The remote learning experience of parents who had their children at home in Spring 2020, as schools across the US closed during the United States’ COVID-19 lockdown, was more positive than widely believed.
That is the suggestion from a new study published in the Journal of School Choice, which looked at the experience of a nationally representative sample of 1,700 parents stretching right across America.
On average only 44% of parents reported the online learning program required too much of parents, while 38% of parents said it was difficult for them to manage the online provisions.
However, worryingly, most parents (63%) believed remote learning caused their child to fall behind.
While the study focused on 3,414 children’s parents’ experiences, the results revealed to the experts from the University of Colorado, at Colorado Springs, a broad picture of the provision different types of schools offered too.
These findings show more than 80% of schools provided some type of remote learning after closing because of the pandemic. Parents generally rated the programs as effective and the resources as helpful, however most (67%) characterized their engagement as heavily involved daily.
Almost 30% of the time mothers and fathers managed the responsibility equally. Parents spent about 2.5 hours per day helping with schoolwork; children spent about an hour more each day in remote learning.
82% of participants reported their schools eventually developed some type of remote learning. 10% reported schools cancelled classes and provided no remote learning, with the remainder resuming or continuing classes until the end of the school year.
For families in schools cancelling classes and providing no resources, most students (49%) spent their time primarily watching TV and playing games. Only 28% engaged in a learning program created by parents. The remainder worked around the house, worked for pay, or pursued other interests.
Results were not, however, uniform across school type. According to parents, private schools frequently appeared to be the most responsive, engaged, and innovative, followed by charters and then traditional public schools.
Also contrary to predictions throughout summer 2020 about parents’ school choices for Fall 2020, only a small percentage of survey respondents said they were going to homeschool in the new school year. However, more than a third planned to send their child to a virtual school. Of those who were not going to send their children to brick and mortar schools, concern about their child’s health was the dominant and predictable motivation.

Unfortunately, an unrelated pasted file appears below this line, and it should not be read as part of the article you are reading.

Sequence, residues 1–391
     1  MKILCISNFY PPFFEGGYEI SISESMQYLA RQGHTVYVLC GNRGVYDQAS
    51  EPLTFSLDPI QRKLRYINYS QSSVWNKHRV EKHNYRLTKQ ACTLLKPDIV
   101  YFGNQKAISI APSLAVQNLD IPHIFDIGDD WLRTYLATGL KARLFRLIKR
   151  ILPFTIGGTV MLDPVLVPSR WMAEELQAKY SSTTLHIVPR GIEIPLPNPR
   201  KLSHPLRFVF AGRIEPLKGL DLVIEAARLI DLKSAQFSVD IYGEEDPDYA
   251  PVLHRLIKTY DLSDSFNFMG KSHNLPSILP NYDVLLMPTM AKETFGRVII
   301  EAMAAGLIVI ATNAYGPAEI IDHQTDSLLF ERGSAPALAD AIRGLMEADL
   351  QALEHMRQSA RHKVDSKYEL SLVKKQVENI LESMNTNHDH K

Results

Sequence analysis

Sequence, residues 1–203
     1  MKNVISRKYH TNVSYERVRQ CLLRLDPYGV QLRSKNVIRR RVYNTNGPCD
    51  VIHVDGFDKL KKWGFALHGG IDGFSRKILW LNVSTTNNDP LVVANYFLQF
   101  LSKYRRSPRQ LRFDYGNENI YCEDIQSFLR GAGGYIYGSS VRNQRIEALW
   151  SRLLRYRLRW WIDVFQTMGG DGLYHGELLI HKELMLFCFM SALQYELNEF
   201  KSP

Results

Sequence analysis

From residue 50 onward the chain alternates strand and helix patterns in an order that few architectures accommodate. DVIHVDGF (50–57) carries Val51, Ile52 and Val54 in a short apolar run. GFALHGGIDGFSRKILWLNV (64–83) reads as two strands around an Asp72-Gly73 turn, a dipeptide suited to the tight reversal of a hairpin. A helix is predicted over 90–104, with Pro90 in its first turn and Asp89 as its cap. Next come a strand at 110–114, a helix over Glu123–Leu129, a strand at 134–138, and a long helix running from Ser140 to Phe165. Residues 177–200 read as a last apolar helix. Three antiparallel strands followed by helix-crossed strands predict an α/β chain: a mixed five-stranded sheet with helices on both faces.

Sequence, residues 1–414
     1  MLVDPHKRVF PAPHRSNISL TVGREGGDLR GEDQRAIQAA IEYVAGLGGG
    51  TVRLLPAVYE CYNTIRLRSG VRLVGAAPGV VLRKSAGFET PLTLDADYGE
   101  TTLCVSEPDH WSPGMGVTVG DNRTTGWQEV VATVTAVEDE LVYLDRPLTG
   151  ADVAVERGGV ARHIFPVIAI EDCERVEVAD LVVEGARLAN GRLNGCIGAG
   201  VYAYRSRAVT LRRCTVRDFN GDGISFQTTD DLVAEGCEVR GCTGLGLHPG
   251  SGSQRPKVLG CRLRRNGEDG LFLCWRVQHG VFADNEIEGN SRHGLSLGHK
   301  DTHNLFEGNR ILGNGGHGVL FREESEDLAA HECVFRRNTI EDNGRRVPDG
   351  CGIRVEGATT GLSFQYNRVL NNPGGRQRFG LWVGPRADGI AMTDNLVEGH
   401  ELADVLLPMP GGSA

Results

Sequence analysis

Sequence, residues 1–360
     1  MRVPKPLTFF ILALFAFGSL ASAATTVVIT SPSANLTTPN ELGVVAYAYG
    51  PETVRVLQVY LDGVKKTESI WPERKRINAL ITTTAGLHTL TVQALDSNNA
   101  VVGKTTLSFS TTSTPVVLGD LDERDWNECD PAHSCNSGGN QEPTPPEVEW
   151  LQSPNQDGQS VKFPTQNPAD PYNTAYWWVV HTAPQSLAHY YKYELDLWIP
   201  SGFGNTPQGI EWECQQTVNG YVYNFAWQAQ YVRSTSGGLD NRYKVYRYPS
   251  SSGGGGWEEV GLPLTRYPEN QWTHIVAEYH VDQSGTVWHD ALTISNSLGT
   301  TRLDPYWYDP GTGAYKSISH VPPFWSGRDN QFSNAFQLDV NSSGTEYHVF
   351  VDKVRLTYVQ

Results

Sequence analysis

“This suggests if there was going to be a significant shift in the education sector, it would be to virtual schools rather than homeschooling,” said the study’s lead author, Dr. Dick Carpenter, “and the shift would likely be temporary, assuming COVID-19 is mitigated.”
The study results, although specific only to Spring 2020, provide important information about remote learning in the future.
“Schools rated as most effective were those that more often chose to communicate with students, create real-time, online programs, and set higher expectations,” described Dr. Carpenter.
The survey featured 44 mostly closed-ended questions about the resources families had during at-home schooling, how children spent their day, how much time was spent on schoolwork, communication with school, assessment of the experience, plans for the 2021 school year, and basic demographics.
Correspondents were spread across various schools – public (84%), private (10%), and charter (6%).
Hopefully, as remote learning continues in schools internationally, officials can apply these findings “to offer the most effective learning possible to students,” report co-author, Dr Joshua Dunn, also a professor at UCCS, says.
“Despite the better-than-expected experience in the spring, many parents we surveyed were still concerned about their child’s academic future because of school closures. Schools need to apply lessons learned from this study to provide the best and most equitable remote learning possible under circumstances like this,” Dunn concluded.
The majority of survey correspondents were white females. More than 50% held at least a college degree. Slightly more than 60% reported household incomes of greater than $50,000. Additionally, respondents’ mean age was 39 and the mean number of children per respondent was two.
Almost 76% of respondents were married. A little more than half of respondents were working full time when data were collected. The next largest percentage (18%) classified themselves as homemakers. A little more than 60% of their spouses were working full time. Equal percentages of respondents and spouses were working part-time.
With this in mind, the study therefore has a slight limitation with the sample “perhaps skewing more toward women and people who have higher education levels completing the survey,” the authors state.
“Moreover, by necessity, parents were instructed to answer questions thinking of their youngest child in a certain school type. This may result in responses more representative of children in younger grade levels,” they add.